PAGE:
Weeding at Nachusa

Echinacea pallida

As if I didn’t have enough weeding to do, last week I volunteered at Nachusa Grasslands near Franklin Grove, IL, owned by The Nature Conservancy. They emailed a request to volunteers that read in part:

“This week yellow sweet clover is blooming. We have lots of plantings that could use a person to sweep them for weeds BIRDS SINGING, FLOWERS BLOOMING. The joys of summer are yours. I can assign you a planting. Let me know. ”

Now . . . how can you refuse an offer like THAT?

I am quite enamored of this area, not only because of my interest in native plant communities but also because of the equestrian trails at nearby Franklin Creek.

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My riding buddies enjoy many hours here each summer. With 198 acres and 12 miles of trails (is that ALL?), we still manage to get lost.

Nachusa sign

Nachusa Grasslands, just north of the equestrian area, consists of 3,100 acres of prairie remnants, restorations, and reconstructions and is home to over 700 native prairie plant species.

Hypericum

I believe this is Common St. John’s Wort (Hypericum perforatum)

I doubt if I have as much as 70 species in my own prairie garden.
And I thought I had a lot!

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The “enemy” – Yellow Sweet Clover.

The steward for this area had mowed the top of the knob to control seeding from this pest.

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Bill Kleiman provided me an amazing tool that I had seen touted – and sold – by Wild Ones. It is a adapted spade, very light in weight with the handle conveniently rotated – perfect for slicing tap rooted plants like Wild Parsnip, Burdock, Thistle or Queen Anne’s Lace.

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This is how it works: The sharp end slices through the soil at the base of the plant like butter. By slicing, not prying, below the plants crown, the “Parsnip Predator” effectively severs crown buds, resulting in root death and no soil disturbance.

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When the “carrot” is severed, the plant dies.

Wild Parsnip is a plant that has invaded my pastures and is common along the roadsides where I live, so I was much interested in how to best combat it.

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It’s a nasty thing. The juice of Wild Parsnip in contact with skin in the presence of sunlight can cause a rash and blistering that makes poison ivy look like a walk in the park. My friend Janet admits she still has visible scares from encounters from many years ago.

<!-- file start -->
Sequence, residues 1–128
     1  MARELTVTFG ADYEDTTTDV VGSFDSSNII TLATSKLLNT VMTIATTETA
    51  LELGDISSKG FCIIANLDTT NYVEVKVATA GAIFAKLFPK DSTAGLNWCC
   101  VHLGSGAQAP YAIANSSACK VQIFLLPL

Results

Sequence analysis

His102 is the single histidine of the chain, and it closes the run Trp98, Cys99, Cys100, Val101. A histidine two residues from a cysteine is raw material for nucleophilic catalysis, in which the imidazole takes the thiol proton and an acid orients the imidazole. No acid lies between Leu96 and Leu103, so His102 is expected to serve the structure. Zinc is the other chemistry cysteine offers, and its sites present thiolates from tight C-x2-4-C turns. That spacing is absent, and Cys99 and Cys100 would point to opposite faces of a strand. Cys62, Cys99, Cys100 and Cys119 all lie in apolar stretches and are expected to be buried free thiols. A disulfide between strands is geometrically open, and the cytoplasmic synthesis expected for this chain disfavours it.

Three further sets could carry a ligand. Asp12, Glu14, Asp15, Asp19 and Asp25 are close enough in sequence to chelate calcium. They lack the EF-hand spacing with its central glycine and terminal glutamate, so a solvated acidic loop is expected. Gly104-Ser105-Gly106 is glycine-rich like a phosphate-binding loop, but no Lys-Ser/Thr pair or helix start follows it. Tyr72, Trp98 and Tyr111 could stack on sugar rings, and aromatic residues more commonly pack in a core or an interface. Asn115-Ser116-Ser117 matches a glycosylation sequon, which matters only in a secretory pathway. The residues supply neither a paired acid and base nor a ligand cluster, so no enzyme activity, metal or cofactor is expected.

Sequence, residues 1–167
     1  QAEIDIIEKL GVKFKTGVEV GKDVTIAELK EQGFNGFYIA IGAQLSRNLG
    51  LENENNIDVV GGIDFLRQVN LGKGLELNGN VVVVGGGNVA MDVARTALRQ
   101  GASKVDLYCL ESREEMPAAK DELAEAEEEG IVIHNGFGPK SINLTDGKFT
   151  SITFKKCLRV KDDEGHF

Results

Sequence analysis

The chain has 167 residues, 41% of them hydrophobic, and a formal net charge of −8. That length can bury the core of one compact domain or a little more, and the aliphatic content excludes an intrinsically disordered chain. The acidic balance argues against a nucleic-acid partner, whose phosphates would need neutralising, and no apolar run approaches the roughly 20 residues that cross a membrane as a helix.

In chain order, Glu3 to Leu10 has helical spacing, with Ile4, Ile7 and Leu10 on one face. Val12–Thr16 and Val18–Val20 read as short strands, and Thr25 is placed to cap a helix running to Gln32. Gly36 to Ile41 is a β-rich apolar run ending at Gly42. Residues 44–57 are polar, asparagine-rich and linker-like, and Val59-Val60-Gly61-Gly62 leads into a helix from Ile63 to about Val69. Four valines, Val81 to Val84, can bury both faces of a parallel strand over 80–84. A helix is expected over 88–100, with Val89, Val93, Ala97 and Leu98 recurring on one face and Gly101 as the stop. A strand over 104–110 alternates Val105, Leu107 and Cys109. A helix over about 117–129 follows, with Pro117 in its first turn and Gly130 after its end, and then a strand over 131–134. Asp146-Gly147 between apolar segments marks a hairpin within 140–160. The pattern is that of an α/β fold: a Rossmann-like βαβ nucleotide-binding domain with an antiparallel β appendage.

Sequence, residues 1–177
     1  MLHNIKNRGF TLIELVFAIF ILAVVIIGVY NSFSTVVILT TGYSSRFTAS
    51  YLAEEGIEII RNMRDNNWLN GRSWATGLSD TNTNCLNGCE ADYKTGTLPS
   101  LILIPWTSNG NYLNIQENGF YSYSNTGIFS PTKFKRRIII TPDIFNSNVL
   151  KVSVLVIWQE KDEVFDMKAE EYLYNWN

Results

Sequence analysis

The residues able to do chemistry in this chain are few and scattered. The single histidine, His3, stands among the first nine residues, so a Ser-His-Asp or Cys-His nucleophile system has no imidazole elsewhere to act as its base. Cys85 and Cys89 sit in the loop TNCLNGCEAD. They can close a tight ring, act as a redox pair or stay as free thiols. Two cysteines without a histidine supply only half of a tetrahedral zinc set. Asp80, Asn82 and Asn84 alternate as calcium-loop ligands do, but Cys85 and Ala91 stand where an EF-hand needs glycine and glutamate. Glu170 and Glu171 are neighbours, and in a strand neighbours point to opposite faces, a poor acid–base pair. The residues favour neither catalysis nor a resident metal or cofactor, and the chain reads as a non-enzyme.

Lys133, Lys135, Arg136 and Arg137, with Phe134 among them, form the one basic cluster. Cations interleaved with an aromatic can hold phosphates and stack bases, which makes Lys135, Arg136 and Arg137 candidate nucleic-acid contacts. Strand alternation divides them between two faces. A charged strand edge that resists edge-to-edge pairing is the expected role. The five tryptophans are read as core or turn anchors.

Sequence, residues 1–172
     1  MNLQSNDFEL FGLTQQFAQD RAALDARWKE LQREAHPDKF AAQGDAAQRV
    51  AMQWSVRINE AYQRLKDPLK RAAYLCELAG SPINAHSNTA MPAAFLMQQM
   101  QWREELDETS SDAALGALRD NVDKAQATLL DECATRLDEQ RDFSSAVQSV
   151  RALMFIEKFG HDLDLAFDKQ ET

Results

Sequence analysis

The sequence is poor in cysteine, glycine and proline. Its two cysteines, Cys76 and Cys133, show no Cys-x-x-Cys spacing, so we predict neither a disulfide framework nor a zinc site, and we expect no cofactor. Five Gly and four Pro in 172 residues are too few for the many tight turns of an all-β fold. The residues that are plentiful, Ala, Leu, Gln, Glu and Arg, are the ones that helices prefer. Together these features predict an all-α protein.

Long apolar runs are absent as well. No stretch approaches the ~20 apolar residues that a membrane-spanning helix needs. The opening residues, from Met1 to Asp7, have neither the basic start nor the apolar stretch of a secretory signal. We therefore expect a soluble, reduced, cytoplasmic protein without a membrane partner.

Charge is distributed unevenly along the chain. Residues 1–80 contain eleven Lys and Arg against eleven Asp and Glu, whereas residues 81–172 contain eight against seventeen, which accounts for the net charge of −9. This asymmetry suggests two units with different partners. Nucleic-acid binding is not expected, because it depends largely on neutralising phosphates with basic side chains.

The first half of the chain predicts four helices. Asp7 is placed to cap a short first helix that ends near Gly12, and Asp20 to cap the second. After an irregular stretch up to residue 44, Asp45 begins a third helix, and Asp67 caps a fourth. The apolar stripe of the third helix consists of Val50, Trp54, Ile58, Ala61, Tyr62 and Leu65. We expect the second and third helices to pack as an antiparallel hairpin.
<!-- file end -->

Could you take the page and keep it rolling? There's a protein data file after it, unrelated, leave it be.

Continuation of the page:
I swiped this photo from A Prairie Haven, a marvelous blog with wonderful butterfly and moth photos. “I wish they would eat it all”, they write. Check out their “parsnip pulling outfit” – LOL!

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Since I was not equipped with gloves, long sleeves, and a bag over my head, I concentrated on the Yellow Sweet Clover. Nachusa’s strategy was to go after 2-year plants that can reach 8 ft in height. I found smaller plants that had been bent but not cut in the mowed debris. Tedious to be sure!

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In my wanderings I came across deer beds, Leadplant, and graceful Panic Grass.

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and a few I managed to ID when I returned home:

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Dianthus armeria or Deptford Pink.

I much prefer the botanical name for this one.

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Growing on noon, I gathered the weed piles and returned to headquarters throwing my weed harvest on a burn pile along with all the others – a tiny contribution.

I now have been “promoted,” having the password to the tool shed I can come and go as I please. WOW! I thought of my many friends who love the birds and wild places just as I do.

Paw Paw Edith? Glen Ellyn Mary? Chicago Bob? Roberta? Karen? Misha?

Even though I continue my own battle of weeds at home, there is something about a morning at Nachusa that nourishes the soul.

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Chicago’s most famous rooftop garden sits atop City Hall

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My first Monarch of the season was spotted on the roof of City Hall in Chicago.